By this point it was about an hour in and things were getting really intense. I looked at the underside of my hand and wrist and saw the veins scintillating and moving quickly like highways of ‘loading’ bars on the computer with the diagonal lines moving. The visuals were making me sick so I closed my eyes and saw this universe pattern with millions of different sized dots and stars made of different day-glo colors. It was all intensely beautiful but I felt too sick to appreciate it. I stood up to make my way to the bathroom to try to speed up the inevitable and found my balance was insanely off. I stumbled and almost fell over, then crawling over to my toilet and sitting cross-legged in front of it, cursing it for being so tall and not being usable with me in that sitting position because it was the only position I could think of at the moment. The visuals at this point were not as noticeable because I was looking around too fast to settle on something, and frankly was concerned with my survival more than the trip. I knew in the back of my head that no one has ever died from LSD itself, and so as long as I maintained some small measure of control and didn’t fling myself out a window or something I would be fine. It certainly didn’t feel that way though, I felt violently ill and my mind kept going back to how the current trip must compare to ergot poisoning. I kept trying to put on music to calm myself but it seemed loud and like it would alert my roommates that something was wrong with me so I kept turning it up then down, the mouse making ridiculously long trails on my computer screen. None of my usually fully memorized favorite songs and album titles made any sense, and I kept going in circles on iTunes trying to find something, all the while becoming more and more disoriented and frightened. I kept picturing paramedics bursting in my room and shoving tubes down my nose, and my parents crying and standing over my hospital bedside. A part of me said “no, I’m not going to let that happen.” Ironically my unstable window shades took this opportunity to come crashing off the wall and knock everything off my desk, making me trip over them in the process. Landing on my bed with low music playing, I laid there, trying to calm down and think what to do next to help myself. These strange sequences of action kept entering my head, like “ok turn down the music. Now lay on the ground. Ok now pull out phone. Now try to find headphones.” These very mundane actions helped me feel centered and not so totally freaked out. I fully expected either my roommates, the police, or EMTs to bust in my room any second. I kept thinking I was going to die, even knowing about the toxicity of LSD, and my mind kept flashing to what the last thing was I wanted to say to God to rationalize my short life. I stumbled to a notepad and started to write “mom-I love you” then crossed it out as it suddenly seemed completely random and trite. Was this really the last message I wanted to leave the world? Instead I opted for printing in huge letters “HOLY SHIT” for some reason crossing the T at the bottom and making it look like an I. I was totally fucked up, the carpet was undulating and each object on my floor took on massive significance in what I thought to be the light of my last moments of life. Eventually I passed out on my bed for several hours when my crisis came to a pitch- I shut my eyes and tried to narrow my experience to the smallest amount of stimuli possible, focusing on my breathing. I guess this made me fall asleep because the next thing I remember was waking up around 6:00 pm, knowing the worst was over and thanking God and the spirits of the universe that I was alive and O.K. The trip was far from over, however, and the visuals were still going full force. My whitewashed walls were plastered with thousands of little amoeba shaped blobs each with numerous different bright colors contained within. I remember being stunned at the rainbows that seemed to form a halo around every object. By this time the sun had set, and turning on the lamps in my room sent cascades of crystalline light in all directions. With my totally ridiculous fear of dying past me, I was able to turn on my favorite music (A Japanese producer named Yasutaka Nakata) and enjoy the totally beautiful, ecstatic visuals that slowly died down, coming back briefly in waves until about 11 o’clock.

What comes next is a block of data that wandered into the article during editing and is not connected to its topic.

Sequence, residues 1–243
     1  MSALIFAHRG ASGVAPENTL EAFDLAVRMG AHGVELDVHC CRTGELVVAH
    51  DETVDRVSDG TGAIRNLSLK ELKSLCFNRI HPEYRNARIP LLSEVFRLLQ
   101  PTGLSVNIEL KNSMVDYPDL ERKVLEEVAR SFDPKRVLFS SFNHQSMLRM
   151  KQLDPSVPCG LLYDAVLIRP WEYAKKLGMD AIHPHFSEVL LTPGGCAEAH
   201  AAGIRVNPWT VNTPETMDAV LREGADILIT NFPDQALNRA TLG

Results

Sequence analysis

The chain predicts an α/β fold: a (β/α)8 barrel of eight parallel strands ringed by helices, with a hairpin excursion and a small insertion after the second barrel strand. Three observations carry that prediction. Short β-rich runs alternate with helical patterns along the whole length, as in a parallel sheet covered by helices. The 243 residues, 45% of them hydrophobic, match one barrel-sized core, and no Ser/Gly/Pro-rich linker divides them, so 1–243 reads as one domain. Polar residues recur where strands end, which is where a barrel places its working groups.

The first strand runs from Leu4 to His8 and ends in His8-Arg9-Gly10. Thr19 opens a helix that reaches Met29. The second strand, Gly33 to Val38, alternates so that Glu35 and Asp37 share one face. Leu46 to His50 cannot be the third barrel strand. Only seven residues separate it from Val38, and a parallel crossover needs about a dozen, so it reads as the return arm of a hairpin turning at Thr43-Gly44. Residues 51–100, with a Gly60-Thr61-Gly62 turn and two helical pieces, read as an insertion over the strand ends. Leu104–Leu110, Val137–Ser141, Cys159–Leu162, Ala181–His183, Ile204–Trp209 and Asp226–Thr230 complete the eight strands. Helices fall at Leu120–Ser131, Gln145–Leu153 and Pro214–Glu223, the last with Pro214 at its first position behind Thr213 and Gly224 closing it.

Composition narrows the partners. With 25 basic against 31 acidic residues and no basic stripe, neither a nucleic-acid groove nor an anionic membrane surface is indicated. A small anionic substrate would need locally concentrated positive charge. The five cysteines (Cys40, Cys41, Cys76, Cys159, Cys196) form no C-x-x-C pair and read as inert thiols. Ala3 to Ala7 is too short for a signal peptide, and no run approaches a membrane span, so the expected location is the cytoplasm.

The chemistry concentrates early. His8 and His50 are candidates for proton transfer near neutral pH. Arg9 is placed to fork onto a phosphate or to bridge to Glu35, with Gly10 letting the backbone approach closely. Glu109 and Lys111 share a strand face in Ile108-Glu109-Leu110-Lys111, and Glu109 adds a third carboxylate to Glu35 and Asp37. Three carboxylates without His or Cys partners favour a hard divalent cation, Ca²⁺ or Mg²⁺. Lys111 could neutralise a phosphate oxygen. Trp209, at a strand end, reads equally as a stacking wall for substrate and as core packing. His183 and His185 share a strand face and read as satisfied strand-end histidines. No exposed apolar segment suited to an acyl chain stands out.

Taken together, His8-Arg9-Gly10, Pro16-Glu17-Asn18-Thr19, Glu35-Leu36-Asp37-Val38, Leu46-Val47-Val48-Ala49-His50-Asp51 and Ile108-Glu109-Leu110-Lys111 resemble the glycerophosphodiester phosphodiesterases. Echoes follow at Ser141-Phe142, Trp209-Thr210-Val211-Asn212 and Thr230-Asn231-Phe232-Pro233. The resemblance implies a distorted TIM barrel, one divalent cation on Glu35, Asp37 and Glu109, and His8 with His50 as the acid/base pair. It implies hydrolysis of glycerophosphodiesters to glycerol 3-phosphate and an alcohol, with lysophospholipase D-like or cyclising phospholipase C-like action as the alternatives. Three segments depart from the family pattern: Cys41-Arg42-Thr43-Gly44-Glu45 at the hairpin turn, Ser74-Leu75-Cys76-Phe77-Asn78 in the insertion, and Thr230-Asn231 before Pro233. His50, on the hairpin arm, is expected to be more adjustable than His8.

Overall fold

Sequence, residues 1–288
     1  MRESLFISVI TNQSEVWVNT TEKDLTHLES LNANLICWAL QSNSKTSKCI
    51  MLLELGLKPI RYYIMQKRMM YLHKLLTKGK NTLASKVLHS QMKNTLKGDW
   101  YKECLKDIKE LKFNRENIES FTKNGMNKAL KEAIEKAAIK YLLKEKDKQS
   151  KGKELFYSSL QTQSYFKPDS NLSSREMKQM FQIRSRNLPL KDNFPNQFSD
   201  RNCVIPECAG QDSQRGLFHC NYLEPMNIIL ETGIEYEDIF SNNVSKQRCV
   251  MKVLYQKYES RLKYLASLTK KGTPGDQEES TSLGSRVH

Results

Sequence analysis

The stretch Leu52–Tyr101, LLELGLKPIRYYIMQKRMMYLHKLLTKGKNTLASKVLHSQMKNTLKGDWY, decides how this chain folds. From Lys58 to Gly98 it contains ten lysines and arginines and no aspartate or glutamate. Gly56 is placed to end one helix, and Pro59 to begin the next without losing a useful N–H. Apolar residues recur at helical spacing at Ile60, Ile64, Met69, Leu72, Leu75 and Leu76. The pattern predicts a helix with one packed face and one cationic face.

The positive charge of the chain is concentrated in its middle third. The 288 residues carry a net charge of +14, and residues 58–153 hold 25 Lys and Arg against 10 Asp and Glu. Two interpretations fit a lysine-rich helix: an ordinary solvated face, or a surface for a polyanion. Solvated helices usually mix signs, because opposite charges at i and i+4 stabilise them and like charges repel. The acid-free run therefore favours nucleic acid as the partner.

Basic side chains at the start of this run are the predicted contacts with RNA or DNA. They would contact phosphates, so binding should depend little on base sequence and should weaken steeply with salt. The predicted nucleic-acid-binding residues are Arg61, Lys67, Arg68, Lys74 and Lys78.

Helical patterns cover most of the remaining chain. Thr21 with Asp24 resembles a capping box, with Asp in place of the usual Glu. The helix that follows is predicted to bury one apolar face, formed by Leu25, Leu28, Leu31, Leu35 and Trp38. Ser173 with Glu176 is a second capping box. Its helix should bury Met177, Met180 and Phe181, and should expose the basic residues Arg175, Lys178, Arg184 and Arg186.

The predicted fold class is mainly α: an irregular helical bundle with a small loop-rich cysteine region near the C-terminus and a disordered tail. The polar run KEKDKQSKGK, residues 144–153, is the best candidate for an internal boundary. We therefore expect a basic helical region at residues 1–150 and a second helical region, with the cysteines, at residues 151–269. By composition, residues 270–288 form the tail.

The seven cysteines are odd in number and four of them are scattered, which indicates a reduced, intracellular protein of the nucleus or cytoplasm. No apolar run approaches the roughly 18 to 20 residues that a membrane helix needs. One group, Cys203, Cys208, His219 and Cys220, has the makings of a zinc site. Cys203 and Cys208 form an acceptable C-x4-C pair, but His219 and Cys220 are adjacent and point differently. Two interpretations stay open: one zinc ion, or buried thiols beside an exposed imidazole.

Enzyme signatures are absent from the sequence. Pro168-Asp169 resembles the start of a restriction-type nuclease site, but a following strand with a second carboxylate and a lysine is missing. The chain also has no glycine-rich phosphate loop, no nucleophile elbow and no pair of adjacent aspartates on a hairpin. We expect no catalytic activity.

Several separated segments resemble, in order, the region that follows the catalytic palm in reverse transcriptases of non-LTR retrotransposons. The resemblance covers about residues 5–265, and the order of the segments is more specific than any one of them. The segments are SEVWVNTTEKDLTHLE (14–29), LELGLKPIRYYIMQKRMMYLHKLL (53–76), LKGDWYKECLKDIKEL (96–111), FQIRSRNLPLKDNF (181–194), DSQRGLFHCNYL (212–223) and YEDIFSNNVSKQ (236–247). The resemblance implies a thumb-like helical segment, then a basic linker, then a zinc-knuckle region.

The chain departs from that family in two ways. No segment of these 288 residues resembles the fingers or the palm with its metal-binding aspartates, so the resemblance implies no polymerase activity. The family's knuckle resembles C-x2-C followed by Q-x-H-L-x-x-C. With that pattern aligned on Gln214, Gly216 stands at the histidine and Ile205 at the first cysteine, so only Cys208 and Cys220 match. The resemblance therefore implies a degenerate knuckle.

In retrospect, I never thought I would have an acid trip I wouldn’t be able to handle. I pride myself on my experience with psychedelics and voraciously read books, websites, anything I can about them and the experience we humans have with these substances. I was unprepared for the completely rapid and alien change my world went through in less than half an hour. I am mad at myself for freaking out, I contemplated calling 911 during the worst parts, and just imagining what could have happened had I done this sends shivers down my spine. A hospital is NOT where you want to ride out an acid trip. Reading this back to myself, I think “Why couldn’t I have just calmed down and enjoyed it??” At the time, this was impossible. My trip was like a freight train that gathered and gathered speed until I did the only thing I could-became unconscious.